Moses and Aaron and Nadab and Abihu and seventy of the elders, were called up to the mountain summit, and there received manifestations of God, adapted to deepen the impressions of his greatness and glory; and then Moses and “his minister Joshua” were summoned to an especial communication at the same place. The Decalogue was to be delivered inscribed on two tables of stone, and also other laws were to be given ; and as the time of absence would be a long one, the leader had deputed his authority for that interval to Aaron and Hur, assisted by the elders, with the injunction, “Tarry ye here for us, until we come again unto

1 Compare Num. x. 11, with Ex. xix. 1.


The two remained on the mountain forty days and nights, during which time many laws were given to the leader alone; among them one relating to "a sanctuary” which was to be prepared, in which God might show his especial presence in the future onward movements of the Israelites. Commandments were also given respecting the consecration of Aaron and his sons to the priests' office, and to administrations at the sanctuary, when it should be ready. Finally, there was delivered to Moses “the testimony, or Ten Commandments," written out on both sides of two tables of stone.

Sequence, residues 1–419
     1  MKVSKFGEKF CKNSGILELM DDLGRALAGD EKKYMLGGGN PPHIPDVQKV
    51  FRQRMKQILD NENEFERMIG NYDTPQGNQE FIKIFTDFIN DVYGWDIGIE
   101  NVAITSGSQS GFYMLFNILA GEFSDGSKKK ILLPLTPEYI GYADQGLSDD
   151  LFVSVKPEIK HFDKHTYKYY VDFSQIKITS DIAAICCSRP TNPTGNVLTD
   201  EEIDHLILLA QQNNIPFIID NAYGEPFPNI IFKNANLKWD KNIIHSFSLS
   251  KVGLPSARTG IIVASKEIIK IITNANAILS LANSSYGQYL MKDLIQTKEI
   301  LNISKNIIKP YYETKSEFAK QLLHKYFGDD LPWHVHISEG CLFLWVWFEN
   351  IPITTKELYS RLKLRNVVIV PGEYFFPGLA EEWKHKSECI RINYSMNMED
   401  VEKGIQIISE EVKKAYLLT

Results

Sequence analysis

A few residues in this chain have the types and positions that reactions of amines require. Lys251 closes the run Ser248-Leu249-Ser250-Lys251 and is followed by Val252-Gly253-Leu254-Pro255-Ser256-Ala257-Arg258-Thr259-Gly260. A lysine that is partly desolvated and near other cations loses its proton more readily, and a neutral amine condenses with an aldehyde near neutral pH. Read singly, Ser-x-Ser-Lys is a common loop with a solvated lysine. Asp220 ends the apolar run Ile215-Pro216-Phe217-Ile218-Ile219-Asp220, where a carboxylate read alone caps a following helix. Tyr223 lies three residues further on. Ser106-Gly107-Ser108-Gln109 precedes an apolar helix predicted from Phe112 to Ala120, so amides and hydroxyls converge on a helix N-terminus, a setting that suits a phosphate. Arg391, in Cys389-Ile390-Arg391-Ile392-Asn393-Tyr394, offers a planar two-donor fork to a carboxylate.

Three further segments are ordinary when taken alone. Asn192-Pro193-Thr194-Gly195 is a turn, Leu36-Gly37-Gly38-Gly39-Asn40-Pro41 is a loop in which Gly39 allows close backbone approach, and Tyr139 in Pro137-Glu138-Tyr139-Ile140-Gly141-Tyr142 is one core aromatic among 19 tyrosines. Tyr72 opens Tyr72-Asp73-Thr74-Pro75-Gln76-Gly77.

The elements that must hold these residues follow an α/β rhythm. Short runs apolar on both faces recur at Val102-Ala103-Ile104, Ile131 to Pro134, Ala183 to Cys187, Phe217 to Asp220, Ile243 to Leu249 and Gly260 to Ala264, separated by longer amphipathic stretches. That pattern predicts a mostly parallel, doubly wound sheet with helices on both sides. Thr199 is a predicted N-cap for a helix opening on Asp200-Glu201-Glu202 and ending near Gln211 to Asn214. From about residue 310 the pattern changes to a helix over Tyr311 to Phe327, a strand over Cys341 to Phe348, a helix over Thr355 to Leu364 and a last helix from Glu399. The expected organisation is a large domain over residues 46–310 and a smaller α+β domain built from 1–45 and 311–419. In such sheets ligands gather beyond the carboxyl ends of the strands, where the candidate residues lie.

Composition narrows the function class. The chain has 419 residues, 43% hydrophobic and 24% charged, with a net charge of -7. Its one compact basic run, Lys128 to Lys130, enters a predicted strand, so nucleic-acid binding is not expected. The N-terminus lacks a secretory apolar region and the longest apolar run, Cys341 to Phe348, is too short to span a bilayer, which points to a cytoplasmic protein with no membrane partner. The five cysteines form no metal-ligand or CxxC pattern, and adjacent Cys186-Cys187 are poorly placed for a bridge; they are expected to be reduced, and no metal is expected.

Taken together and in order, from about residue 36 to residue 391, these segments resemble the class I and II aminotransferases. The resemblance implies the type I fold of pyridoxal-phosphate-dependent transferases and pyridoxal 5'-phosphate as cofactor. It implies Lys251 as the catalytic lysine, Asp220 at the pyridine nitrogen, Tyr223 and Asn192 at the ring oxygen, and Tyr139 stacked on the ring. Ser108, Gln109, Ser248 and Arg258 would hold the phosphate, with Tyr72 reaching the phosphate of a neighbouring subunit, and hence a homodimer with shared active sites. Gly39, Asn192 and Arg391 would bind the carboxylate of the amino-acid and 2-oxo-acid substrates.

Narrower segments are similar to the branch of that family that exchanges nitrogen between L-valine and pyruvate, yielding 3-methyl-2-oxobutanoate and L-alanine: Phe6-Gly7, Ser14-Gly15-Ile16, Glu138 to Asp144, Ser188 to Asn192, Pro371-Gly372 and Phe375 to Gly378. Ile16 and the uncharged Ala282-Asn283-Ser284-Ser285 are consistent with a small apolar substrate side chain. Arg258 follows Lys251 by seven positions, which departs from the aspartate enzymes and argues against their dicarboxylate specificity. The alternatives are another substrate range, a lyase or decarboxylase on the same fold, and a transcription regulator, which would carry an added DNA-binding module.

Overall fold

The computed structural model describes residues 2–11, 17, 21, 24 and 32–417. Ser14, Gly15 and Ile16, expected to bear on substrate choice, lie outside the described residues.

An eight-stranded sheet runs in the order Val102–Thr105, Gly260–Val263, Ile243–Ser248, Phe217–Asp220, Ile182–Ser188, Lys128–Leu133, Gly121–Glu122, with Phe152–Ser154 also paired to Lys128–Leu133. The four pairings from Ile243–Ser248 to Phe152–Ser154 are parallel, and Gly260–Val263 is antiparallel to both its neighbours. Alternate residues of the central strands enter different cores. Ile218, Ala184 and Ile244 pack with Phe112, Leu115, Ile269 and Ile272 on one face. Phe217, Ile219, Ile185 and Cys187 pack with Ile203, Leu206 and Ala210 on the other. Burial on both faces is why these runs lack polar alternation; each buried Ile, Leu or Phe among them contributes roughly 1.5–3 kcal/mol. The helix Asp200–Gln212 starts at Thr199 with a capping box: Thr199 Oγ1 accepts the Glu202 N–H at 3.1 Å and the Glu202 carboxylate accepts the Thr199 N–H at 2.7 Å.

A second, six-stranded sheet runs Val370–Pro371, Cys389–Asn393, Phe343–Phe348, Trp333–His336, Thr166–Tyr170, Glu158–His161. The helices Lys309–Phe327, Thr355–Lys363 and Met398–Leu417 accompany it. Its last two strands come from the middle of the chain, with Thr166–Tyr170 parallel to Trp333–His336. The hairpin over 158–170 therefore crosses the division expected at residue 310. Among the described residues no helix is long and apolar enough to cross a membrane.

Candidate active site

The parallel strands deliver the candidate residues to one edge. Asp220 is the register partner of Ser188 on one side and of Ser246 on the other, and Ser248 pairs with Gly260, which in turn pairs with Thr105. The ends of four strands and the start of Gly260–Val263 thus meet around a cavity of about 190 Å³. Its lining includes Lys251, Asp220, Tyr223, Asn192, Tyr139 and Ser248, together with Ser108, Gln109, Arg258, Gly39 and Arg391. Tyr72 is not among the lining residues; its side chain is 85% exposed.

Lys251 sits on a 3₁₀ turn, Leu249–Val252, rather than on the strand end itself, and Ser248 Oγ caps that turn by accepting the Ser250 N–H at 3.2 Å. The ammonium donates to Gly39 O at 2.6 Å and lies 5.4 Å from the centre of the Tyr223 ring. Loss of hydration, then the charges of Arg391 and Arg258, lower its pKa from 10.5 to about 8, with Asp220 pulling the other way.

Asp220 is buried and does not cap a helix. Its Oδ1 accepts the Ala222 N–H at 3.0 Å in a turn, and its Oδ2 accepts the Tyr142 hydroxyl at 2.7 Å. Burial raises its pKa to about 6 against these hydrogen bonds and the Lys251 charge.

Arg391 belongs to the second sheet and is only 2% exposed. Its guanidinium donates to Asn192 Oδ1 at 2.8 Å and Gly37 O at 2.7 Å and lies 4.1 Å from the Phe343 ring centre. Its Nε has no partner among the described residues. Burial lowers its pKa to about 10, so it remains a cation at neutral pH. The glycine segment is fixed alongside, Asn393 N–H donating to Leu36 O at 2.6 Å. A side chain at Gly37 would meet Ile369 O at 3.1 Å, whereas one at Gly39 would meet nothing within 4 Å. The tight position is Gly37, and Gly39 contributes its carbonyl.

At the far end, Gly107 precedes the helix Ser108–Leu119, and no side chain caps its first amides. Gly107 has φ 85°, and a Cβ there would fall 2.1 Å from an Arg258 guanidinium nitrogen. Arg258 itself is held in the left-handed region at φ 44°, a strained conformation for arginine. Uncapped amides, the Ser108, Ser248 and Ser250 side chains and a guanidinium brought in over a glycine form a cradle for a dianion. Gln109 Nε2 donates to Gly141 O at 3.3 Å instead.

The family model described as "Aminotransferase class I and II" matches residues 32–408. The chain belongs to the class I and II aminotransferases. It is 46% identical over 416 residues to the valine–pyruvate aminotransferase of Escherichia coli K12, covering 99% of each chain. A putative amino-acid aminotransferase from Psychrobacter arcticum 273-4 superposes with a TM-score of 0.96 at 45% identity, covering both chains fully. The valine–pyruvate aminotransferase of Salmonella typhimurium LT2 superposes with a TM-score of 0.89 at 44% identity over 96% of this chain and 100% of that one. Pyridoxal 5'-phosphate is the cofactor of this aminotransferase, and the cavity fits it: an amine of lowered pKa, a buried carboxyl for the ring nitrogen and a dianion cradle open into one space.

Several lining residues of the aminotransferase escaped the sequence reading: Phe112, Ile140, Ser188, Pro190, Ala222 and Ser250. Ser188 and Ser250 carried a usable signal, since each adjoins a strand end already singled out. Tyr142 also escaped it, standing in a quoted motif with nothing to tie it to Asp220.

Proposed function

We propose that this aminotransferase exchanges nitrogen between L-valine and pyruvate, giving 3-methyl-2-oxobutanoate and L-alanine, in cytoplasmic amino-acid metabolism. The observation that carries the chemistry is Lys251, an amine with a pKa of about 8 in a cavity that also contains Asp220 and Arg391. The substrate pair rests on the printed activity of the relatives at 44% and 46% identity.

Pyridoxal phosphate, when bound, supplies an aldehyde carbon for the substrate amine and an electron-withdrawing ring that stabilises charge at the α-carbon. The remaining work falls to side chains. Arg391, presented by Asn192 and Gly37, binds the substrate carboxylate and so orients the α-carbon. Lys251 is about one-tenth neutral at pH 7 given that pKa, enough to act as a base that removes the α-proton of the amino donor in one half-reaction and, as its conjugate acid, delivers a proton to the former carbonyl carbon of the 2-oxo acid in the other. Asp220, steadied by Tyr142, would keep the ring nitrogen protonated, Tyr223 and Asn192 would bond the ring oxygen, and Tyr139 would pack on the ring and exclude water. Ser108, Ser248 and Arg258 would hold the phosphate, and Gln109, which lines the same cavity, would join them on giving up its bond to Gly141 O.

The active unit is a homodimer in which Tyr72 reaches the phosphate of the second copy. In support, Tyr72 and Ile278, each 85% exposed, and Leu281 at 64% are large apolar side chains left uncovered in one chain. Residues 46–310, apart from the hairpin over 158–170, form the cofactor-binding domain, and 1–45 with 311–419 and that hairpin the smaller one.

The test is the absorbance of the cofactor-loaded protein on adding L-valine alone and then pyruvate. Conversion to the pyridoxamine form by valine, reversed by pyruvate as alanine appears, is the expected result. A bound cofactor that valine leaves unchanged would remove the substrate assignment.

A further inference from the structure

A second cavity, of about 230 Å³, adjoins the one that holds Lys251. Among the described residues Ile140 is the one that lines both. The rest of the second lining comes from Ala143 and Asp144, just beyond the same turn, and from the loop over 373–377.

Then he was warned to hasten baek to the camp; for the people, he was informed, had “corrupted themselves," and had turned already to the heathen worship. God said to him, “Let me alone, that my wrath may wax hot against them, and that I may consume them: and I will make of thee a great nation.” But Moses cried, “Wherefore should the Egyptians speak and say, For mischief did he bring them out, to slay them in the mountains, and to consume them from the face of the earth ?" and he begged that the people for whom God had so signally manifested himself might be spared.

He rejoined Joshua; and as on their hurried way down, their ears caught sound of noises in the camp, the warriorinstincts of the latter suggested an attack by enemies: “ There is a noise of war in the camp.” But Moses answered, “It is not the voice of them that shout for mastery, neither is it the voice of them that cry for being overcome: but the noise of them that sing do I hear.” A